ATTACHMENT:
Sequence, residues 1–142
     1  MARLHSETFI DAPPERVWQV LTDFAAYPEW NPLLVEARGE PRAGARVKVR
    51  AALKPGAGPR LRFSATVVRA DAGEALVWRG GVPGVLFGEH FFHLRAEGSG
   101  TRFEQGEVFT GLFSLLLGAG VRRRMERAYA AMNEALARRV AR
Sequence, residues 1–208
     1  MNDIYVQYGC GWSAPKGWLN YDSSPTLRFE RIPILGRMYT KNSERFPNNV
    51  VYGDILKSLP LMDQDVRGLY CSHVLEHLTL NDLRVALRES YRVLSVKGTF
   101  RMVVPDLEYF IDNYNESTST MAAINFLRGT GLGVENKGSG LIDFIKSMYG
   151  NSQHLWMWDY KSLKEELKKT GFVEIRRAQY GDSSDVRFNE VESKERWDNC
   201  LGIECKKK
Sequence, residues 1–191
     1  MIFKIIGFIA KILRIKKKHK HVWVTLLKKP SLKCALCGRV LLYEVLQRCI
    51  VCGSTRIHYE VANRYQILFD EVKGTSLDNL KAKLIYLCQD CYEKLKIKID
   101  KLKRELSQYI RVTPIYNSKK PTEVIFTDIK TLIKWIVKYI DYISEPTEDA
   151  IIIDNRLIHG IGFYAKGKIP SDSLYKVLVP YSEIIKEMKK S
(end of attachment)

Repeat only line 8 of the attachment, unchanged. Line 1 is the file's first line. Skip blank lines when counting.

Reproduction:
   101  RMVVPDLEYF IDNYNESTST MAAINFLRGT GLGVENKGSG LIDFIKSMYG